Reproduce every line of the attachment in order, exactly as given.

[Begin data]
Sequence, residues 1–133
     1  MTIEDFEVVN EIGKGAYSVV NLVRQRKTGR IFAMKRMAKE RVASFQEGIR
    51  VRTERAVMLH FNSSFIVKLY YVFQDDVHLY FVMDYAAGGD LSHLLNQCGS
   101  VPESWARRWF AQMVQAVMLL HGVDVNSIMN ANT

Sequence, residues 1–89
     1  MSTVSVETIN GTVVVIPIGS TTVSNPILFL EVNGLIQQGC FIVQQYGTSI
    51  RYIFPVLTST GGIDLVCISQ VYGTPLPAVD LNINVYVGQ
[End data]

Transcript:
Sequence, residues 1–133
     1  MTIEDFEVVN EIGKGAYSVV NLVRQRKTGR IFAMKRMAKE RVASFQEGIR
    51  VRTERAVMLH FNSSFIVKLY YVFQDDVHLY FVMDYAAGGD LSHLLNQCGS
   101  VPESWARRWF AQMVQAVMLL HGVDVNSIMN ANT

Sequence, residues 1–89
     1  MSTVSVETIN GTVVVIPIGS TTVSNPILFL EVNGLIQQGC FIVQQYGTSI
    51  RYIFPVLTST GGIDLVCISQ VYGTPLPAVD LNINVYVGQ